NMJAS 2024 First Place Winner

The Beetles: Examining the Effects of Isolated Supplementation in Lasioderma serricorne to Optimize Nutrient and Biomass Transfer via Consumption

George M. Privett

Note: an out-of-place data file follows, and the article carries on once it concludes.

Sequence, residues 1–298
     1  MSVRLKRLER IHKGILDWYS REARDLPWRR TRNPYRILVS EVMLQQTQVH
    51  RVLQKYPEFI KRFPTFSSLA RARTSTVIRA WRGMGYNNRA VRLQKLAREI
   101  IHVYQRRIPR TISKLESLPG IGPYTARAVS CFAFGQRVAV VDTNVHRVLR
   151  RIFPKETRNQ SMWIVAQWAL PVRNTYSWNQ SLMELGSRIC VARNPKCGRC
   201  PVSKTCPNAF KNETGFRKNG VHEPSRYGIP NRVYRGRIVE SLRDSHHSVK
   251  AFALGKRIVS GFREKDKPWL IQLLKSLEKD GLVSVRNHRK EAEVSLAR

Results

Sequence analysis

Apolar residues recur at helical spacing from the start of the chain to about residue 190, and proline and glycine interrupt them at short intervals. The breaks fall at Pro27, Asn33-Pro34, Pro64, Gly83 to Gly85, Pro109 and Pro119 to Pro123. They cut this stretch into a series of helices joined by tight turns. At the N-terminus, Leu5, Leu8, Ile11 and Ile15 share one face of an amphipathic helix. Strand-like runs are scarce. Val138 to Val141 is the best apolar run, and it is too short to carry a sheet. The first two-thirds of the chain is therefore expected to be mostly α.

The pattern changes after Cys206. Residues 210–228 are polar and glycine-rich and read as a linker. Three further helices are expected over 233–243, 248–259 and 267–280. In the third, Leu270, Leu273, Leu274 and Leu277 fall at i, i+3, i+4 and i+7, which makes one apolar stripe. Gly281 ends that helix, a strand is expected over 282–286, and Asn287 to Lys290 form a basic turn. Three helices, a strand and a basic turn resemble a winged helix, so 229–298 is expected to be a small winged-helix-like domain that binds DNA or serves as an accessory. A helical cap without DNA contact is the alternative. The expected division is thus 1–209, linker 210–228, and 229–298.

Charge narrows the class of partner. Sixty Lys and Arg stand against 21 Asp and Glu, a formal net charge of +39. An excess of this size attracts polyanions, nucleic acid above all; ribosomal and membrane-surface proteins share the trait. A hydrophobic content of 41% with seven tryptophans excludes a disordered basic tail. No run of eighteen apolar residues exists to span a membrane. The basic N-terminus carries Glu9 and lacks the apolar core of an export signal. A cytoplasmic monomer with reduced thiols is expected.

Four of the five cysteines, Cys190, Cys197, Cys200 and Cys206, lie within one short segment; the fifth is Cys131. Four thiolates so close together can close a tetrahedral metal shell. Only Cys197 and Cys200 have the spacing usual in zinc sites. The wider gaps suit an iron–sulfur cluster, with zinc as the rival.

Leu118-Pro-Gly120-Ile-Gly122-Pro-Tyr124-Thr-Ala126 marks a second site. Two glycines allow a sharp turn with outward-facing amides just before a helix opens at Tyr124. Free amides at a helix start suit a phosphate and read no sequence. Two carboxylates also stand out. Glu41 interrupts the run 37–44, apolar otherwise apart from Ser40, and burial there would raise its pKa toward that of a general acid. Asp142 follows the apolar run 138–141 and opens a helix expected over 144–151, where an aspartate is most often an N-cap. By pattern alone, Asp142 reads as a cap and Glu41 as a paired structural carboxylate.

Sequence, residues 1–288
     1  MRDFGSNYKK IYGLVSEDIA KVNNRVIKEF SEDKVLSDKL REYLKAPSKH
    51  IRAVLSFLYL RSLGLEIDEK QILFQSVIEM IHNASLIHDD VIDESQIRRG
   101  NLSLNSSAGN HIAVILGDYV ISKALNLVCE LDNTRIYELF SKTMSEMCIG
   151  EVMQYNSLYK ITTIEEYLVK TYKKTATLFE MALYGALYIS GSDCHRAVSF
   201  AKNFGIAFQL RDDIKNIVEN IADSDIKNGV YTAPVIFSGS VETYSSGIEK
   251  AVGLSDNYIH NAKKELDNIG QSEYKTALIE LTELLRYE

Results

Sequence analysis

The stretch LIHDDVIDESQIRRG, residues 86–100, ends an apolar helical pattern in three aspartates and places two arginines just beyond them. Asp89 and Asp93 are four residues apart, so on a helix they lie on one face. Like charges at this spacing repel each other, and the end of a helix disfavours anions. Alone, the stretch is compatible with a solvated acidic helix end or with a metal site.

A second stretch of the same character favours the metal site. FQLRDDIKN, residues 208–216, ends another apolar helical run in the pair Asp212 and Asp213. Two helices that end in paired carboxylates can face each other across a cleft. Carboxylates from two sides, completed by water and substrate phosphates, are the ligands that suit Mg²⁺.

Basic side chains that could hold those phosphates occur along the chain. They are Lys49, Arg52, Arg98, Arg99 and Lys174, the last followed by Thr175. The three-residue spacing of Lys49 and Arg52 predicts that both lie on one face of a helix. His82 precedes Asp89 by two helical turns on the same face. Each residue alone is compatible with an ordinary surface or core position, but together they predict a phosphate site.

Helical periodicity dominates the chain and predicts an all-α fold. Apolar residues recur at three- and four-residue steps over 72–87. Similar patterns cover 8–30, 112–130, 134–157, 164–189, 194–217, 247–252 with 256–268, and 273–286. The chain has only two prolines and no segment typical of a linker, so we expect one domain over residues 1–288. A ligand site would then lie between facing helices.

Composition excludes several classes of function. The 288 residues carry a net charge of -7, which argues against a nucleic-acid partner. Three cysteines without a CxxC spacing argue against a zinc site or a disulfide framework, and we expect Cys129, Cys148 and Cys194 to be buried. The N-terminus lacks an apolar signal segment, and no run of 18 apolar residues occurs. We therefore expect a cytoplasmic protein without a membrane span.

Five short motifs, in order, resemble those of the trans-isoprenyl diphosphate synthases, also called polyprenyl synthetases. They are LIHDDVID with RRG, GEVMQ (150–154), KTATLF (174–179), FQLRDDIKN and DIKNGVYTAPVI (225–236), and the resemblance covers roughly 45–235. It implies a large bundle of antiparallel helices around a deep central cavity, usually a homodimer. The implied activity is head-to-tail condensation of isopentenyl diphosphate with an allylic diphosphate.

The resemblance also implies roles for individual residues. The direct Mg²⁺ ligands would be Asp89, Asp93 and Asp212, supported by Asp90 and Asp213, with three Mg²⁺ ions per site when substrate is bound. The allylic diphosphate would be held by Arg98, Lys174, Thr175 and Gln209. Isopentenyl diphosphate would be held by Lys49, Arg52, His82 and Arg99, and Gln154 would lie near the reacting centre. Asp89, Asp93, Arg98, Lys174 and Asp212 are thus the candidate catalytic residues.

Insect agriculture provides a new way of accumulating macro and micro nutrients for organisms to feed on without having the drawbacks of traditional agriculture. In order to explore the capabilities of this new agricultural alternative, isolated supplementation was used to answer questions about the efficiency and nutritional value of farmed insects. To test this idea, Lasioderma serricorne were fed a traditional lab diet which was supplemented with various small-sized amounts of Vitamins D3 and B6, Calcium, and Magnesium. Two generations were produced, one generation being supplemented and the other being unsupplemented descendents. These insects were then measured with a microscope and their lengths were averaged. The amount of reproduction that occurred was determined by a percent increase from the first generation. An immuno-assay kit for Pyridoxine was used on the collected samples of Vitamin B6-supplemented beetles and averaged their bio accumulated concentration. Vitamin B6 and Magnesium resulted in increased body size. Vitamin D3 and Calcium had increases in reproductivity while B6 and Magnesium showed decreases. Human and animal consumers of enriched insects would benefit from their accumulated biomass and higher nutrient count all while suppressing the needs for traditional agriculture and its excessive use of water, land, and energy.